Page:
The Department of the Interior's disposition of mining claims on public lands, largely unknown to lawyers outside the West, is a significant field of federal administrative activity and an important element in planning rational use of the public lands. While energy minerals found under public lands typically pass by lease and common varieties such as sand and gravel are subject to sale, most other mineral deposits on federal property are claimed for possible exploitation by the mining claim, or "location."
The location system arose out of miners' custom, at a time when the federal lands were vacant and no federal law governed acquisition of mining rights. During the turbulent "rushes" of the mid-nineteenth century, each mining district worked out and enforced, however colorfully and informally, its own rules on the important matters of acquiring and holding a mineral claim. These rules tended to embody similar features: physical marking of the land, filing the claim in a local record center, and continuing work on the claim to preserve its validity.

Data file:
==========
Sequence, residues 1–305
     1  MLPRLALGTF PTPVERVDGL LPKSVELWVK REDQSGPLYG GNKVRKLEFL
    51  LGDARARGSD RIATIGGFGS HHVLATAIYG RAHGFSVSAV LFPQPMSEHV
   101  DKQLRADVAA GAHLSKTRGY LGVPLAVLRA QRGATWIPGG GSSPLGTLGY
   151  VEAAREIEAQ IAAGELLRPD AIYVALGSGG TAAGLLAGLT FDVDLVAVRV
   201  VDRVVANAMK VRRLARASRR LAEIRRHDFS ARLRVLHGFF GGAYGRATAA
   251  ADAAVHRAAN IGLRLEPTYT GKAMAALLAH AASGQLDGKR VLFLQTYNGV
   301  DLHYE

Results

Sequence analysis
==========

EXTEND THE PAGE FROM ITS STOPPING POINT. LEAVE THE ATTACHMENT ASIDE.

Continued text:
Administrative Law | Law
Peter L. Strauss,
Mining Claims on Public Lands: A Study of Interior Department Procedures,
Utah L. Rev.
Available at: https://scholarship.law.columbia.edu/faculty_scholarship/4082